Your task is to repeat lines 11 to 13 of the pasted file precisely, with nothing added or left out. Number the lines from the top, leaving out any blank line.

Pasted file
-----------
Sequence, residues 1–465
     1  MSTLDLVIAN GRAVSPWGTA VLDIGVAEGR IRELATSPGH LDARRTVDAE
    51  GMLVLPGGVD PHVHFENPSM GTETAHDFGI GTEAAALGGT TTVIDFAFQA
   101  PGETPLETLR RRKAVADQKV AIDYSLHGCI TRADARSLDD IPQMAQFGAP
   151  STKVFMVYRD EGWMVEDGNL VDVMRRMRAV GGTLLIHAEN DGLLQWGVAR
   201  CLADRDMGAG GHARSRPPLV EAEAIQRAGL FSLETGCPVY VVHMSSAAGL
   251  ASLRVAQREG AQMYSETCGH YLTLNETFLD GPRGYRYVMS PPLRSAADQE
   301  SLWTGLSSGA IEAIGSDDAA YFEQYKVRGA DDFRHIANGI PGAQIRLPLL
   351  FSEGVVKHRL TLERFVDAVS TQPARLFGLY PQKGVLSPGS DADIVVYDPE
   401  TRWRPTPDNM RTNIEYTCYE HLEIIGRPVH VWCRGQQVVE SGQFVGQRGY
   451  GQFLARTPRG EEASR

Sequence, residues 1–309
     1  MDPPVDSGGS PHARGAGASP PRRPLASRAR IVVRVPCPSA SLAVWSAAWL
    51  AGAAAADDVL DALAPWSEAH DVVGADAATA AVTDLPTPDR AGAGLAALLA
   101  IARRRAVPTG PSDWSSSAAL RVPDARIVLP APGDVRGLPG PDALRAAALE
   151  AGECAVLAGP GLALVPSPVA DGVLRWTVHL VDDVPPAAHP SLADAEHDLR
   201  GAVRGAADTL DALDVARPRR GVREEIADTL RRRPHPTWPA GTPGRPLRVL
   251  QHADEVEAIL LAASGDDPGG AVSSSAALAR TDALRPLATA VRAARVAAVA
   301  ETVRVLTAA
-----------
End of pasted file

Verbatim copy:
   451  GQFLARTPRG EEASR

Sequence, residues 1–309
     1  MDPPVDSGGS PHARGAGASP PRRPLASRAR IVVRVPCPSA SLAVWSAAWL